On Friday, May 10, Chris Pugh, will stand on the commencement stage and be hooded to symbolize the completion of the Educational Doctorate in Curriculum Studies program at Georgia Southern University. But to Pugh, this moment will symbolize so much more.
“In every program I have been in at Georgia Southern, I have experienced some form of adversity, but I kept going,” Pugh said.
During his undergraduate degree, Pugh faced academic exclusion, during which he returned home to Dekalb County, Georgia, and worked three jobs simultaneously until he realized he was ready to return to college and finish what he started. After earning a bachelor’s in broadcasting, Pugh pursued a master’s in school counseling, a program he was accepted into on a probationary basis due to his low grade point average.
Like many 16 and 17 year olds trying to determine the next steps of their lives after high school, Mary Hart said thinking about her future was overwhelming. At that time, she knew she wanted to attend college but wasn’t sure which path to take.
“I tried to consider things I was passionate about and interested in and blend them together into an ideal job,” she said.
Her passion for helping others and her interests in holistic health led her to the undergraduate health and physical education program at Georgia Southern University.
Named a Library Journal 2019 Mover & Shaker, Gwinnett County Public Schools’ 2019 Library Media Specialist of the Year, and the 2019 Metro Georgia Library Media Specialist of the Year, Cicely Lewis is making a name for herself as an innovator in the field of education.
After more than 15 years of experience as a high school language arts and Spanish teacher, Lewis decided to make a career change to pursue a passion her colleagues and students continuously praised her for.
“I would host these huge events in my classrooms like poetry cafes and Harlem Renaissance celebrations, and other students in the school would come by and say, ‘I wish I could be in your class so I could participate,’” Lewis recalled.
With a talent for instructional technology and innovative reading curriculum, Lewis sought a school library media certificate from Georgia Southern University College of Education to make the transition from the classroom to media specialist.
“I selected Georgia Southern because the program was completely online and the university has an impressive reputation among educators,” Lewis said. “I learned so much from the school library program at Georgia Southern. The program was very challenging. Many times I didn’t think I could complete all of the work, but I persevered.”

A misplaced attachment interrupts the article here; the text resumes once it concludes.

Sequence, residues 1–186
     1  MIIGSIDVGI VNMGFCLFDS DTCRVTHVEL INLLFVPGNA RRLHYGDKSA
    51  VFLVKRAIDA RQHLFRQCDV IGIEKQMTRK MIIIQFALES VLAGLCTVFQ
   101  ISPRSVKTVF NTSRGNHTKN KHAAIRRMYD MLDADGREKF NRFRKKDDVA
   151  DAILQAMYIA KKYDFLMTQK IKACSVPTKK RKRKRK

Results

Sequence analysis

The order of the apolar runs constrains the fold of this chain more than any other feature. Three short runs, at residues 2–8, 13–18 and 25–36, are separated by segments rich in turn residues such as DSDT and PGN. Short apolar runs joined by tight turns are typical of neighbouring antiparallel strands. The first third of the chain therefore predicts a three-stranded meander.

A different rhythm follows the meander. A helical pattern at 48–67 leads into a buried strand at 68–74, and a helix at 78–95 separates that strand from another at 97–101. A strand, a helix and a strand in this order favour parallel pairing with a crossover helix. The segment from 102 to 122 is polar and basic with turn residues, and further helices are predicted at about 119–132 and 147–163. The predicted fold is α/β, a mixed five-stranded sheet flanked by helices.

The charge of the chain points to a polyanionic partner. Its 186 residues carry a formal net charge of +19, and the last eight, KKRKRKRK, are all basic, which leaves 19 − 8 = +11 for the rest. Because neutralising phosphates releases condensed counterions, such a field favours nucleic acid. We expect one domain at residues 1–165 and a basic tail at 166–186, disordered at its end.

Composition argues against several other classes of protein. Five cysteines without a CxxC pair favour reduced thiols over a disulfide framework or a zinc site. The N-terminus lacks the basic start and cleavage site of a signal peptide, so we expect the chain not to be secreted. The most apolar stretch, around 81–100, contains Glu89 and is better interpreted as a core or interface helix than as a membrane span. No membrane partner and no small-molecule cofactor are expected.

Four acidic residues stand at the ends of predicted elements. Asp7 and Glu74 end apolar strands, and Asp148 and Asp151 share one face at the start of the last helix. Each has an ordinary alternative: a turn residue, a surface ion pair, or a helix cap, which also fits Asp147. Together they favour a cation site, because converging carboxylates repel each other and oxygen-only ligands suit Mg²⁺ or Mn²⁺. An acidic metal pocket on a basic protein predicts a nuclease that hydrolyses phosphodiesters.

Georgia Southern University and Haven Elementary School are partnering to offer teachers a Gratifying Problem-Solving (GPS) program, which will provide educators unique monthly professional development based on the school’s current need for improved mathematics instruction.
The College of Education’s Jackie Kim, Ed.D., associate professor of elementary and special education, serves as director for the project, totaling $74,976, which is funded by a Community Partnership Grant from the Governor’s Office of Student Achievement.
The GPS program uses a bottom-up approach, allowing the participants at Haven Elementary to help shape its development, workshop activities and directive.
“We go to find out what their inquiries and needs are and create a workshop based on the assessment,” said Kim. “We want to start with what they are currently doing in the classroom and change their practice to make instruction stronger yet doable.”
What if you had to choose between feeding your family and keeping the power on in your home? What if you lost your job and spent hours, days and even weeks trying to figure out how to receive assistance to help keep a roof over your family’s head?
Students in the Georgia Southern University College of Education were asked to put themselves in scenarios like these during a recent poverty simulation hosted by the College’s faculty and staff.
Education majors were required to complete this role play activity as a part of a cultural issues course in order to expose student teachers to the low socioeconomic challenges many of their K-12 students experience.
“It is important that as teachers we look deeper into why a student did not complete an assignment or falls asleep in class rather than assuming a student is lazy or otherwise unengaged,” said Michelle Reidel, Ph.D., professor of middle grades and secondary education. “We need to understand that problems in the classroom are not always a direct result of a student’s desire to learn. There are external factors that could be playing a role in their performance or behavior. We have to consider that not all students are having their basic needs met at home.”
Scott Beck, Ph.D., associate professor of middle grades and secondary education, added, “Teachers need to understand that students’ families are working hard to meet those basic needs, but face confusing, contradictory and problematic choices every day.”